Q: What does the new CPT code 99174 (ocular photoscreening with interpretation and report, bilateral) entail?


A: Photoscreening is a rapid, efficient, reproducible and highly reliable technique for the early detection of sight-threatening conditions in children, such as strabismus, refractive errors, media opacities and retinal abnormalities. Using this technique, a photograph is produced by a calibrated camera under prescribed lighting conditions, which shows a red reflex in both pupils. A trained observer can identify ocular abnormalities by recognizing certain characteristic changes in the photographed pupillary reflex. Photoscreening can be performed by a layperson with the required skill, by a primary-care physician or by an eye-care professional.


Q: What are the indications for screening?

A: Photoscreening, or a complete eye exam by an ophthalmologist skilled in the examination of children, should be performed on all children age 3 to 4 years who cannot cooperate for visual acuity testing. For further information, see also the Policy Statements area of the American Academy of Pediatrics website for Use of Photoscreening for Children's Vision Screening at http://http://aappolicy.aappubli cations.org.


Q: What are the characteristics of a screening program?

A: Several features differentiate screening from other diagnostic testing. They include:

• Screening is part of a wellness program to check for disease that may otherwise go undetected.

• Screening is not prompted by a patient complaint, symptom or problem.

•Screening is not required by medical necessity.


Q: Do health insurance plans cover screening?

A: Not usually. As a general rule, routine care, preventative medicine, prophylactic measures and screening are not covered services. Some health plans take the opposite view and encourage patients to maintain their health and have frequent check-ups for early disease detection. Before testing, you should check the payer's policies.


Q: If the screening is not reimbursed, how can we be compensated?

A: Patients must make a choice about photoscreening. After the benefits of photoscreening have been explained, the patient is advised of the extra charge for the service and may be asked to sign a form acknowledging financial responsibility for a non-covered service.


Q: May we report an eye exam code (92002–92014) in addition to the photoscreening code?

A: No. In addition to the new code publication in January 2008, CPT further instructs that physicians should not report 99174 in conjunction with 92002 – 92014, 99172 or 99173 (vision screening). Third party payers consider vision screening incidental to an eye exam or well- child exam.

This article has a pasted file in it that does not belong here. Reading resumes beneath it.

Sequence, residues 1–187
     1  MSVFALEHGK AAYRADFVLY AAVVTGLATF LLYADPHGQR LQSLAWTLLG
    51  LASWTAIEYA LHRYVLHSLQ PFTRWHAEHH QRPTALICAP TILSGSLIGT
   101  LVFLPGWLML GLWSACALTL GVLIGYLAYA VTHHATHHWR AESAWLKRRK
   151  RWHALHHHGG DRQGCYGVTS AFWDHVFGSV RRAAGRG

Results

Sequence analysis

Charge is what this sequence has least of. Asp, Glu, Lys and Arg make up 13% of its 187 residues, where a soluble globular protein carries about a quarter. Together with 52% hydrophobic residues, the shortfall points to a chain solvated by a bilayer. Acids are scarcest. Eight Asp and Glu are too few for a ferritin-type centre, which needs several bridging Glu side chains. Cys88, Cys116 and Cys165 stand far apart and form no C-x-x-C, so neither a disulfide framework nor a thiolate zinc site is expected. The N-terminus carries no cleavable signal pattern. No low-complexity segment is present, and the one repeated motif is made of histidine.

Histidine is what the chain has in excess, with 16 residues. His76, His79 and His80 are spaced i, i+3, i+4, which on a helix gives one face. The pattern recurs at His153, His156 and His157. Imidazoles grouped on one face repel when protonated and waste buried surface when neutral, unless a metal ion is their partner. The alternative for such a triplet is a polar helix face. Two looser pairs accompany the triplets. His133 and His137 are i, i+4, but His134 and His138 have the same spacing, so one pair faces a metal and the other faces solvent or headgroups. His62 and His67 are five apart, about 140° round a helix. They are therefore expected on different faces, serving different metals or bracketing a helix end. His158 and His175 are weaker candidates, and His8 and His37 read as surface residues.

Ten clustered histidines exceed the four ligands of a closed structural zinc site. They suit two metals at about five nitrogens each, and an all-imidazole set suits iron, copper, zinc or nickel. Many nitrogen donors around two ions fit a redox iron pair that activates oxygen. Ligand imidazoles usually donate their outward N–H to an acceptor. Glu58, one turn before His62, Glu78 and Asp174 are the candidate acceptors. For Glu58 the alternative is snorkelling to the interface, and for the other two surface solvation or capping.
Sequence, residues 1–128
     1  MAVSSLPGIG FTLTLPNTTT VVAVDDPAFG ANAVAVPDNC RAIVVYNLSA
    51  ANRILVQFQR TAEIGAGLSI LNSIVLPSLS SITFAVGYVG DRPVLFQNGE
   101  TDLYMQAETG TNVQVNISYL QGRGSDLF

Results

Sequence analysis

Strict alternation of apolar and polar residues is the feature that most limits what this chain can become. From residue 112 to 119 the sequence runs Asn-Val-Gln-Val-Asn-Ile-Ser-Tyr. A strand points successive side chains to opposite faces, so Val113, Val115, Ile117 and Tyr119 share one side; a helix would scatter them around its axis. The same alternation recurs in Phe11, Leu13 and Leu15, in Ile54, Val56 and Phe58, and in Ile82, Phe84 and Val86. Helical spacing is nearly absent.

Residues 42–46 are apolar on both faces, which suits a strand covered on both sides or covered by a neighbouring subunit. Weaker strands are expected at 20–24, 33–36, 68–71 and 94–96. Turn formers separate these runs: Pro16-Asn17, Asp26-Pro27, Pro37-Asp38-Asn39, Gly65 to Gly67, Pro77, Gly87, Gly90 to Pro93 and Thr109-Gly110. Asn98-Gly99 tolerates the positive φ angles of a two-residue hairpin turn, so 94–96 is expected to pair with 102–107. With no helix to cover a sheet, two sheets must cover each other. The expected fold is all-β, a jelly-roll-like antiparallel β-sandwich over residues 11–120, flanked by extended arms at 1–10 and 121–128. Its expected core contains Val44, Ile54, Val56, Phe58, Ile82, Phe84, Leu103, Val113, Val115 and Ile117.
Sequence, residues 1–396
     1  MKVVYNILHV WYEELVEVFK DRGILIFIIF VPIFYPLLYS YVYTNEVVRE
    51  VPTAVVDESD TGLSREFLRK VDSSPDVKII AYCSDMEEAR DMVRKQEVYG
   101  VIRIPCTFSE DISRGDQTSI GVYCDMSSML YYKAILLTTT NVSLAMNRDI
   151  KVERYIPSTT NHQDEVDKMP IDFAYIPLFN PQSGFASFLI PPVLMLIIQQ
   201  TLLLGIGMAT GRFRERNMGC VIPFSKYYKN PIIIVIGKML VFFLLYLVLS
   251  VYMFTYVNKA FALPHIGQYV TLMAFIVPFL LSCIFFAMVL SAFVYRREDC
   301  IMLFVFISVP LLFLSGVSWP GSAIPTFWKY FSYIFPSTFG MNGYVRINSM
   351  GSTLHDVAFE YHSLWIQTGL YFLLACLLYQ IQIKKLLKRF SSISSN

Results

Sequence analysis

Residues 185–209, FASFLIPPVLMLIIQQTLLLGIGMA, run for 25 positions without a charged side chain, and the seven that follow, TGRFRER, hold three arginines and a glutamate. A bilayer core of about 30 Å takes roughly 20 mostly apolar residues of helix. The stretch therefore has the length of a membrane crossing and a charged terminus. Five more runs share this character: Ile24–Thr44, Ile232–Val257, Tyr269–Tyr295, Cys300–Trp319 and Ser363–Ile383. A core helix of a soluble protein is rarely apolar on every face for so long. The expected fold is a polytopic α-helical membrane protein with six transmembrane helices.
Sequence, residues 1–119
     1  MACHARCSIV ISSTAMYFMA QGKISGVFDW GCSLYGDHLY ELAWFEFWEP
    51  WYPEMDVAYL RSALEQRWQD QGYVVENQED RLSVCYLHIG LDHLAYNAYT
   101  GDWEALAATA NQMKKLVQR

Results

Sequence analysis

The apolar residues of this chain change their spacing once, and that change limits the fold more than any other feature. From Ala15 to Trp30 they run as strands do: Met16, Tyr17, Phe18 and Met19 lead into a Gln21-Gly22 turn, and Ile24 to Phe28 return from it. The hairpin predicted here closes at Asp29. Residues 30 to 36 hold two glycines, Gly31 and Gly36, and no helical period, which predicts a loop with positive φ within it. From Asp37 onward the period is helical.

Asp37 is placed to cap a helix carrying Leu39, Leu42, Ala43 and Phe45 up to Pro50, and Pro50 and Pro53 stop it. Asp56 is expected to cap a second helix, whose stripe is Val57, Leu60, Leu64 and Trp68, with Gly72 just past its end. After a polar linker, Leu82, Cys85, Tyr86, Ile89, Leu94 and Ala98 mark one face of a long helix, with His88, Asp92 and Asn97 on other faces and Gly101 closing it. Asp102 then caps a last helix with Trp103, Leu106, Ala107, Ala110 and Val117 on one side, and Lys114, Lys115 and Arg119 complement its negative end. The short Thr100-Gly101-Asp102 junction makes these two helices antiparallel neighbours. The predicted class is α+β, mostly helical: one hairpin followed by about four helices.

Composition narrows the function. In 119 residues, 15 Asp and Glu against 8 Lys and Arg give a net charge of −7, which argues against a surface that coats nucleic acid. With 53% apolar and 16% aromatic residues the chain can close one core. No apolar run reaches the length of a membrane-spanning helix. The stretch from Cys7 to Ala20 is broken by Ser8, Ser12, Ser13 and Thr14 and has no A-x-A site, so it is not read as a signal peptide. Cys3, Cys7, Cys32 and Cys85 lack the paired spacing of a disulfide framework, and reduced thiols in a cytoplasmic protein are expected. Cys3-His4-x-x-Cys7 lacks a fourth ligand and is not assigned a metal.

Q: If this is a photograph, may 92285 (external ocular photography) be used instead of 99174?

A: No. Coders must select the procedure code that accurately identifies the service performed. For diagnosis code (ICD-9), use V80.2 (special screening for neurological, eye and ear diseases, other eye conditions).


Q: What does the chart documentation
contain besides the photograph?

A: Besides the photograph, the chart should contain: the patient's name and the test date; appropriate chart notes about the results including interpretation of the results and a notation of the findings and assessment; and the signature of the physician.


Q: If photoscreening discovers pathology, will a claim be reimbursed?

A: For payers who do not cover screening, the results are immaterial with respect to reimbursement. For most third-party payers, screening is a non-covered service regardless of what is found.


Q: If screening reveals pathology and
additional testing is ordered, will those follow-up services be covered?

A: Yes. Medically necessary diagnostic tests ordered to evaluate suspected disease are covered services. Reimbursement of your claim is expected provided that the chart documentation is complete and supportive.

Children who fail either visual acuity testing or photoscreening, or who cannot be adequately screened with either technique after age 42 months should be referred to an ophthalmologist experienced in the care of children.


Q: Have relative value units been assigned to the new code 99174?

A: No. Although this service now has a Level 1 CPT code, the Centers for Medicare & Medicaid Services publications do not include RVUs for this new code. Prior to 2008, Category III code 0065T was used to describe this service on claims for reimbursement.


Ms. McCune is vice president of Corcoran Consulting Group. Contact her at DMcCune @corcoranccg.com.